Assessment | Biopsychology | Comparative | Cognitive | Developmental | Language | Individual differences | Personality | Philosophy | Social |
Methods | Statistics | Clinical | Educational | Industrial | Professional items | World psychology |

Transpersonal Psychology: Integral · Esoteric · Meditation

Ian Pretyman Stevenson, M.D., (born October 31, 1918, in Montreal, Canada, died February 8, 2007, in Charlottesville, Virginia), was a Canadian-American psychiatrist whose research interests included: children who claim to remember previous lives, near-death experiences, apparitions (death-bed visions), the mind-brain problem, and survival of the human personality after death. [1]

The Early Years[edit | edit source]

Ian Stevenson was raised in Ottawa, where his father was the Canadian correspondent for the New York Times and his mother influenced her son with an interest in Theosophy. Stevenson studied at St. Andrews University in Scotland and at McGill University in Montreal, where he received a B.S. in 1942 and an M.D. in 1943, graduating at the top of his class. [2] In the 1950s, inspired by a meeting with Aldous Huxley, he became a pioneer in the medical study of the effects of LSD. [3]

Stevenson was the founder of scientific research into reincarnation and was best known for collecting and meticulously researching cases of children who seem to recall past lives without the need for hypnosis. After Professor Stevenson published his first paper on reincarnation in 1960, the inventor Chester Carlson funded his first field visits to India and Sri Lanka. In 1963 Carlson died and Stevenson was astonished to learn that Carlson had left $1 million to endow a Chair at the Univerisity of Virginia, and a further $1 million for Stevenson himself to continue his research into reincarnation. [4]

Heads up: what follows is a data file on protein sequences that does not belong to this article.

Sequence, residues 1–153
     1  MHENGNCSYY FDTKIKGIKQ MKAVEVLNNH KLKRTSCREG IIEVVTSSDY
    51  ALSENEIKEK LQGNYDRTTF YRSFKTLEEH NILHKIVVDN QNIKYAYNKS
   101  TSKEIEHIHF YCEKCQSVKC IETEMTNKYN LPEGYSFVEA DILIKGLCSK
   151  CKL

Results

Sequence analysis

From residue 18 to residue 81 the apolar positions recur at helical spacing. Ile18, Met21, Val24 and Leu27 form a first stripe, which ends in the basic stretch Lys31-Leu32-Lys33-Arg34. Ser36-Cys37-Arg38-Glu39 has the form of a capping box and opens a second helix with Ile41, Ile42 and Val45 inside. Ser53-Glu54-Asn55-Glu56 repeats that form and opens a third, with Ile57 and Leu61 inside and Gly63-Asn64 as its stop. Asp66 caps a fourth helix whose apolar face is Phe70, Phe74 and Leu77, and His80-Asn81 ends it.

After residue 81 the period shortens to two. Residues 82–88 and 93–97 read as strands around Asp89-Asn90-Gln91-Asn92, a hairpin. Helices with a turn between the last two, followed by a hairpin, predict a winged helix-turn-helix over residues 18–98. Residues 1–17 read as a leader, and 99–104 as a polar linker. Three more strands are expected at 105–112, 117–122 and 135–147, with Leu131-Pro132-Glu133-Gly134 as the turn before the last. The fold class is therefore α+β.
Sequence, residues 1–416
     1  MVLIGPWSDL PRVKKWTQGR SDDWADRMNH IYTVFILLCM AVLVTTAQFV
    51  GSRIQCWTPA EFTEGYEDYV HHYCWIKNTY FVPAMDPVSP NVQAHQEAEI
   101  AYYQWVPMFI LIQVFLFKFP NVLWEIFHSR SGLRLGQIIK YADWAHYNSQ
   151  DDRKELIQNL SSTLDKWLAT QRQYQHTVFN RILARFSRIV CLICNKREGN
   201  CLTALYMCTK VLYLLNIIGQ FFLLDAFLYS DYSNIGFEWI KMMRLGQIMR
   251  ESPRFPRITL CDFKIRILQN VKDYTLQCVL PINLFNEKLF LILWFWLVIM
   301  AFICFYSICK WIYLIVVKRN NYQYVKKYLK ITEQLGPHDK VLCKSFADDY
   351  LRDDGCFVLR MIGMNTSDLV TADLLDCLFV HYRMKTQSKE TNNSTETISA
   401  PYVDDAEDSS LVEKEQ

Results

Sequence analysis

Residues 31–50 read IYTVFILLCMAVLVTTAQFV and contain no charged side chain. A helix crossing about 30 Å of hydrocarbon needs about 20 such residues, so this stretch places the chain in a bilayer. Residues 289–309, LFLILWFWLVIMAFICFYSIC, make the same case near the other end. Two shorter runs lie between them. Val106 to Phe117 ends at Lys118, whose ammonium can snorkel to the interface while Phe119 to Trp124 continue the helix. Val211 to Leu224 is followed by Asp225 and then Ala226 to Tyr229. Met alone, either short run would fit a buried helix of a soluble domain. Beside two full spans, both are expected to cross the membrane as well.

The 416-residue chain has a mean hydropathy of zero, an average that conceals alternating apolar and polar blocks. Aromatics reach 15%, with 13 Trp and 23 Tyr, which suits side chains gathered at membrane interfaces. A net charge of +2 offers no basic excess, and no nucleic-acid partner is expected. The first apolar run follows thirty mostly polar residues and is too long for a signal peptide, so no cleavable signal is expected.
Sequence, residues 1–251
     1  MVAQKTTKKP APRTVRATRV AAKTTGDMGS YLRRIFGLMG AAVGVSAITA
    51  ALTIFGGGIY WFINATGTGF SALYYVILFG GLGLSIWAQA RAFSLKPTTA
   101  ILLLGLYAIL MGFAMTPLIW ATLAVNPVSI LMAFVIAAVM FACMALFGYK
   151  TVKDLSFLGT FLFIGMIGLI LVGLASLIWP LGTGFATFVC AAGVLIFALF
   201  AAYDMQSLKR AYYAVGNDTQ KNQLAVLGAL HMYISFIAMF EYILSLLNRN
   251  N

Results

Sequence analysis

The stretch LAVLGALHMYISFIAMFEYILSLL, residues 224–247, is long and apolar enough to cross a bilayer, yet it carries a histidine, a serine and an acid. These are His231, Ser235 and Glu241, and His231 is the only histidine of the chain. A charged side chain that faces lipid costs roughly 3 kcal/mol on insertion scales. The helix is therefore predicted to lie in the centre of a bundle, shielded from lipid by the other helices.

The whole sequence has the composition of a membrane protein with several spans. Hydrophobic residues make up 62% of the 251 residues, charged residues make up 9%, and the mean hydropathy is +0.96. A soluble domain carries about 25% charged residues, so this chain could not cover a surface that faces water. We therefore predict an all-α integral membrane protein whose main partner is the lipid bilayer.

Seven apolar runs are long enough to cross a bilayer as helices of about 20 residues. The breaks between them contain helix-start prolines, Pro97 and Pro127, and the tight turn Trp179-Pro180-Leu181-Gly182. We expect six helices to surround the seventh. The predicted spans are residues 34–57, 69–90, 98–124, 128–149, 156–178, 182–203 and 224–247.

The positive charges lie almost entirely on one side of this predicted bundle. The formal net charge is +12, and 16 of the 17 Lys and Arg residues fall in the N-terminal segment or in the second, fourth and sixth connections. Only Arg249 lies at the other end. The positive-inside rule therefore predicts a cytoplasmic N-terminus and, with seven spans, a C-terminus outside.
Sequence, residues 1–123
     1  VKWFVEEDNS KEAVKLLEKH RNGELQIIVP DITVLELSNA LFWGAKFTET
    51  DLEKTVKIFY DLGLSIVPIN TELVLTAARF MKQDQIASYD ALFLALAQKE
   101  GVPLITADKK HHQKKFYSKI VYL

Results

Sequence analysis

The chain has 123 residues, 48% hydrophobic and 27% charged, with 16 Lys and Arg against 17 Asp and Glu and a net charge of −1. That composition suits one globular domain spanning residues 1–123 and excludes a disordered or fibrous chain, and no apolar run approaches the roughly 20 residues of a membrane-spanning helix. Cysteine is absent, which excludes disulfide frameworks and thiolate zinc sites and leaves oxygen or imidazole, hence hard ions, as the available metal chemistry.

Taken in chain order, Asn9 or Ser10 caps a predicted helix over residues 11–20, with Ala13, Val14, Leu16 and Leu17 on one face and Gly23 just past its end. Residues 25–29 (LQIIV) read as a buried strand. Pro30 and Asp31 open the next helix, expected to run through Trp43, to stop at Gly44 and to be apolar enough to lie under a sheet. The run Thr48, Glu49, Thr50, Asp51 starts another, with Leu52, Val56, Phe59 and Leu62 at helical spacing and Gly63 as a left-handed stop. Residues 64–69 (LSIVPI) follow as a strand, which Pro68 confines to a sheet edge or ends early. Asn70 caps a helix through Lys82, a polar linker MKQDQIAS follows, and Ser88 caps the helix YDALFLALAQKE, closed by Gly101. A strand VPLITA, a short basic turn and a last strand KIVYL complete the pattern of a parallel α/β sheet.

Division of Personality Studies[edit | edit source]

In 1967, Stevenson was appointed as Director of the Division of Personality Studies (later renamed Division of Perceptual Studies) (DOPS) and, for a period was also Head of the Department of Psychiatry at the University of Virginia. [5]

Stevenson went on to conduct additional field research about reincarnation in Africa, Alaska, British Columbia, Burma, South America, Lebanon, Turkey, and many other places. The children studied usually started recalling their past life story between the ages of two and four, yet seem to have forgotten it by seven or eight. There were frequent mentions of having died a violent death, and apparently clear memories of the mode of death.[6] Stevenson also gathered testimonies as well as medical records of information on birthmarks, birth defects, and other physical evidence for reincarnation. [7]

Stevenson published only for the academic and scientific community, and his over 200 articles and several books—densely packed with research details and academic argument—are in places difficult for the average reader to follow. His research, over 3,000 study cases, provides evidence suggestive of reincarnation, though he himself was always careful to refer to them as "cases suggestive of reincarnation" or "cases of the reincarnation type." [8]

Professor Stevenson himself recognized one fundamental flaw in his argument for reincarnation: the absence of any evidence of a physical process by which a personality could survive death and travel to another body.[9] Further, some have questioned his objectivity in drawing conclusions from his research. [10]

Retirement[edit | edit source]

Professor Stevenson retired in 2002, leaving his work to successors led by Dr. Bruce Greyson. Dr. Jim Tucker, a child psychiatrist, is continuing Ian Stevenson's work with children, focusing on North American cases. [11]